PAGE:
These factors can affect legibility as well. Think about the size and spacing of your text, as well as how it adapts to different devices. Text that is too small or too thin to read is especially difficult for the elderly, the visually impaired, and those with reading difficulties such as dyslexia.
Can your users navigate your site using only a keyboard?
Many handicapped users rely on keyboard navigation to access the internet. They aren’t able to use a mouse or trackpad. This means that your content should be accessible using the tab and arrow keys on your computer, and that the tab order should follow your content in a logical way.
Remember that if certain content areas can only be accessed by hovering over them with a mouse, they are essentially cut off for your keyboard users. And if your keyboard users have to tab through tons and tons of content to get to the main item on the page, that also doesn’t help them. So make sure to provide ways to skip ahead through some content areas so that keyboard users can find what they’re looking for more quickly.
Readability: are you writing with your audience in mind?
Many businesses stray toward overly complex language in an attempt to show how smart they are. Or (to be more charitable), they deal with complex, technical subject matter, and they want to be sure you know that they know what they’re talking about. However, much of this technical copy ends up confusing and disorienting readers. It’s too complex to be accessible.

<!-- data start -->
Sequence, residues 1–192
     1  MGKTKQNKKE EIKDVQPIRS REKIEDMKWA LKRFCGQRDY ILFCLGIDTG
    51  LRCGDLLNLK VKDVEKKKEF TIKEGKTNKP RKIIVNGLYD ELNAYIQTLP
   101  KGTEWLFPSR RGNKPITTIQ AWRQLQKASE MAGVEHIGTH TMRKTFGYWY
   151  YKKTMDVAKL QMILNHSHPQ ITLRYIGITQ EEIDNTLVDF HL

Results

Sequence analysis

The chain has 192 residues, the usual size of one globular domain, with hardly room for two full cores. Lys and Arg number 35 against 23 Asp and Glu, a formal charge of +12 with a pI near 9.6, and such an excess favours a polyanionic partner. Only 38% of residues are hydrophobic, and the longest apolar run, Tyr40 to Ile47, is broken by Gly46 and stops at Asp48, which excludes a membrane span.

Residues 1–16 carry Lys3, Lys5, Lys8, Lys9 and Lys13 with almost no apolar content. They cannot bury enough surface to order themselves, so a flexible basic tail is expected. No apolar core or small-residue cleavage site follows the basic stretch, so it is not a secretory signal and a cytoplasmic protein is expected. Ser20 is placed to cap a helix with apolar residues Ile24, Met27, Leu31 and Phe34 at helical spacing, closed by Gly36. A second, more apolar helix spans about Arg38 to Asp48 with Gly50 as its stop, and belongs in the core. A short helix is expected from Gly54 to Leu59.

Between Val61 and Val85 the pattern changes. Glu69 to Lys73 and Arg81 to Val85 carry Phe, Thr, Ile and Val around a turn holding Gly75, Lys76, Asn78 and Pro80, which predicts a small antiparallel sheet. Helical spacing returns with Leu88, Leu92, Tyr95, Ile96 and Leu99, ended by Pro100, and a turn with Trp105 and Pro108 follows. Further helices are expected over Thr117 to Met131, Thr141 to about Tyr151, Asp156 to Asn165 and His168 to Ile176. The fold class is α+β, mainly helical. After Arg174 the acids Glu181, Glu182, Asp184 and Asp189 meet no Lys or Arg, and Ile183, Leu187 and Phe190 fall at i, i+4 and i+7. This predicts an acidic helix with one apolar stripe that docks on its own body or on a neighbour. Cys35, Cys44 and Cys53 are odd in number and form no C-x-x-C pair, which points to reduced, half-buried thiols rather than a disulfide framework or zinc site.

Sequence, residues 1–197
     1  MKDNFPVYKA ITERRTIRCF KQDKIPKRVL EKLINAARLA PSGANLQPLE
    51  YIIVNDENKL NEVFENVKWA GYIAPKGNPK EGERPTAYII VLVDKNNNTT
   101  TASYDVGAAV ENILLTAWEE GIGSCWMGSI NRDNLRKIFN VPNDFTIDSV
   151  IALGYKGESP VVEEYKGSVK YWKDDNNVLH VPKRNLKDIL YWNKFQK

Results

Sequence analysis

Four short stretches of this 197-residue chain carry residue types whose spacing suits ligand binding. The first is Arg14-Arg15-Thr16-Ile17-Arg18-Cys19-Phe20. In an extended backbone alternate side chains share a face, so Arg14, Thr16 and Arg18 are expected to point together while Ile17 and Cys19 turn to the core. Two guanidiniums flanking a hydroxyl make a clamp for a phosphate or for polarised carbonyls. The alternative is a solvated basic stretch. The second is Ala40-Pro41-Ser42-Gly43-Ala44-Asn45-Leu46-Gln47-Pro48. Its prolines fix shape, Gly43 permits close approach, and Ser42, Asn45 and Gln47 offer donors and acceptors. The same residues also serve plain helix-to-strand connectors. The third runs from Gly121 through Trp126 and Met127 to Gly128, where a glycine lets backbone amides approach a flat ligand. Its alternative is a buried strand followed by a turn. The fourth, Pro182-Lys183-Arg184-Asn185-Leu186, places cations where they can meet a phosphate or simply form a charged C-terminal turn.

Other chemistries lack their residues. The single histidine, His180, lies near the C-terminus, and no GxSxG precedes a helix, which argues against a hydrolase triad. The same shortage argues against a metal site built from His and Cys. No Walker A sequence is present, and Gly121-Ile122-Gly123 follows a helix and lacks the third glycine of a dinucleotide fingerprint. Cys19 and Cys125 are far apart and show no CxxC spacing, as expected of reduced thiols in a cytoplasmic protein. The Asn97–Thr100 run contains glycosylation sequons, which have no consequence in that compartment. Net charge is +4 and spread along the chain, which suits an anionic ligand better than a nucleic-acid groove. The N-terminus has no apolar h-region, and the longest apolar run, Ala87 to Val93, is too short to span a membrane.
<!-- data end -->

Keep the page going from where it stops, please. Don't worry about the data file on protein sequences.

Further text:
You never know who will end up on your site, or what their reading ability might be. And even proficient readers often lose interest in overly wordy or obscure writing. So it benefits both you and your users to prefer clear, concise language whenever possible.
Accessibility helps everyone.
From a purely practical business standpoint, accessibility is just common sense. Accessible web content puts you in contact with your entire consumer base. After all, customers can’t buy your product if they can’t enter your store. We’re also confident that accessibility will do great things for your SEO as Google continues to refine its algorithm. Google already keeps an eye on things like readability and bounce rate. An inaccessible site will certainly contribute to a higher bounce rate, so improving accessibility will affect your SEO rankings in that regard.
Furthermore, we all benefit from accessible web content. A site which can accommodate a one-armed person is also more usable to a parent carrying a child, or to anyone with one hand full. Most of us appreciate subtitles on videos, and a clear and legible design helps reduce reader fatigue.
But while these things are nice conveniences for the abled population, they are absolute necessities for the disabled. By prioritizing inclusion, we empower people with disabilities to interact and contribute via the internet in ways that are difficult or prohibitive in day-to-day life. When we focus on creating accessible web content, we are able to tap all human potential. And that’s a great thing.